Intervertebral discs, also called spinal discs or simply discs, are an important component of the human spine. There are 23 discs in the typical human spinal column and the combined height of these discs accounts for 25% of the total length of the backbone.
This vital resource section will detail the physical characteristics of intervertebral spinal discs and their functional importance to the anatomy of the spine. We will also explore how time and injury can change the structure of the intervertebral tissues.
The anatomy of a disc changes throughout its lifecycle, mostly due to completely normal spinal degenerative processes. Discs are composed of collagen and proteoglycans, along with a high percentage of water, which is stored in the soft center of the structure. This pliable moisture rich core is called the nucleus pulposus. The nucleus is surrounded by a multi-layered woven outer wall called the annulus fibrosus. This tough outer wall protects the nucleus and provides structure and stability for the soft disc core.
Neuroforamen are the crucial openings that allow the spinal nerves to exit the central canal space.
Herniated disc photos visualize how intervertebral pathologies look inside the spinal canal.
Degeneration is the term used to describe the aging processes which affect all spinal discs. These processes are completely normal, expected and universal, although the exact extent of disc degeneration is a highly individual criterion.
As we age, spinal discs dry out, losing their ability to retain moisture. This makes them shrink in size and mass, creating what the medical community has termed degenerative disc disease. This process is not a disease at all and rarely causes any problems for affected patients. However, the condition has been vilified in the back pain industry and often acts as a scapegoat condition to take the blame for otherwise idiopathic symptoms.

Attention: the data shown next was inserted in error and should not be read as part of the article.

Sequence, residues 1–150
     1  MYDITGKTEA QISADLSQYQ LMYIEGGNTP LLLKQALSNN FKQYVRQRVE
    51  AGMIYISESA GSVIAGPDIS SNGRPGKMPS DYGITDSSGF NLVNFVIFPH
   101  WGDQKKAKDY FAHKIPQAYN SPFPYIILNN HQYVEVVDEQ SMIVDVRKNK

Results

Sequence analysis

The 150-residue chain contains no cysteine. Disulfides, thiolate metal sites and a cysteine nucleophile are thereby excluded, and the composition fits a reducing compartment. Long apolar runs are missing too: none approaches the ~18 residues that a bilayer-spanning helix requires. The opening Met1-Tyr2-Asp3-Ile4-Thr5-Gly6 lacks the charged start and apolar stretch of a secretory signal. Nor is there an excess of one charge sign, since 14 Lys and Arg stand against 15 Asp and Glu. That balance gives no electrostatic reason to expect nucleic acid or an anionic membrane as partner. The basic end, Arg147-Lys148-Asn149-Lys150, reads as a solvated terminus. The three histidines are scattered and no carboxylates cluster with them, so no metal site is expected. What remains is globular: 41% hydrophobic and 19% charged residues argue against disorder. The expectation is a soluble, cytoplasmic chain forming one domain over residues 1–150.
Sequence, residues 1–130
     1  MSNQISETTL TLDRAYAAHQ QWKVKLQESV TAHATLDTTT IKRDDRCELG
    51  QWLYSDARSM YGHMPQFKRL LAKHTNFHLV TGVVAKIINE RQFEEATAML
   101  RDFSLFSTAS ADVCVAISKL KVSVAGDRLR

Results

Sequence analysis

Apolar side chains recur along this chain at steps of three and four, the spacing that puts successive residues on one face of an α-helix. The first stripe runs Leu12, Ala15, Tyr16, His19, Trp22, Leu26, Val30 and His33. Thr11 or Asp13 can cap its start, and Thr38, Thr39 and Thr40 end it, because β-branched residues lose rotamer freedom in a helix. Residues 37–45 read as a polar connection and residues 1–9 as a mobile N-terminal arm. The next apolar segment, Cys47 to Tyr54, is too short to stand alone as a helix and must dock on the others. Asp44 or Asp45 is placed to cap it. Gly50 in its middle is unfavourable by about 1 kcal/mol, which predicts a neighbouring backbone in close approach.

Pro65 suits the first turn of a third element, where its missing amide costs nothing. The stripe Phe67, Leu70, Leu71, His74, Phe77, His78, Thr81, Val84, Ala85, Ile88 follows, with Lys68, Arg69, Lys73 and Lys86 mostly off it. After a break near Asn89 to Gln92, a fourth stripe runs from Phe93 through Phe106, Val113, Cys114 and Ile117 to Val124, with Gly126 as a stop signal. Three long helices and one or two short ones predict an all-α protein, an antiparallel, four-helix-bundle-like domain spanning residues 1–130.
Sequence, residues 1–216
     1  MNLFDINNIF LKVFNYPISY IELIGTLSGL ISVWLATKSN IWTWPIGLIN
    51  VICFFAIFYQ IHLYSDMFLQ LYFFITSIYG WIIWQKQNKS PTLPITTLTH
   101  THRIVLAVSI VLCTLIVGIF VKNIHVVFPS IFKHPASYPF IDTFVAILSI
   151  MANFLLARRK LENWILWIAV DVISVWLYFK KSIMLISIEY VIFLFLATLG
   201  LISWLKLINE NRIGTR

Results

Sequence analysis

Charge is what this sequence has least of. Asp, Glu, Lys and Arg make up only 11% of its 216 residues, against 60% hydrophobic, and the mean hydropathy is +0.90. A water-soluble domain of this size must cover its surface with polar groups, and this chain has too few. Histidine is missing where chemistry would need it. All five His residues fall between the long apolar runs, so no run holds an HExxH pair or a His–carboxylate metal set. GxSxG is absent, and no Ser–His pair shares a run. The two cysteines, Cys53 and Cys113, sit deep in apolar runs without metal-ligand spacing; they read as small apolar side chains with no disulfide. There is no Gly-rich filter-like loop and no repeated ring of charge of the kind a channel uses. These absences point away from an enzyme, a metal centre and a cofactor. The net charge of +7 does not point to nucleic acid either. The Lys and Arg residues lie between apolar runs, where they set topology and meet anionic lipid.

Most people experience significant age and activity-related degeneration in their lumbar and cervical spinal discs by the age of 30. Some individuals might demonstrate these changes much earlier. The first discs to wear out are typically the L4/L5 and the L5/S1 lumbar discs.
Discs can herniate or rupture spontaneously, due to injury, or slowly, due to degeneration. Herniated disc injuries are sometimes painful, but should heal in a matter of 2 to 8 weeks, even with no formal treatment. Herniated discs due to degeneration are typically not symptomatic and might not even be discovered for many years. Disc degeneration increases the chances for experiencing a herniation, but decreases the chances for a symptomatic event.
Spinal discs have no internal nerve or blood supply. Unless a disc pathology compromises a nearby nerve structure, the herniation will be completely unable to cause any pain whatsoever. When herniated discs compromise the function of a spinal nerve or the spinal cord, then symptoms are possible and might become major chronic pain concerns.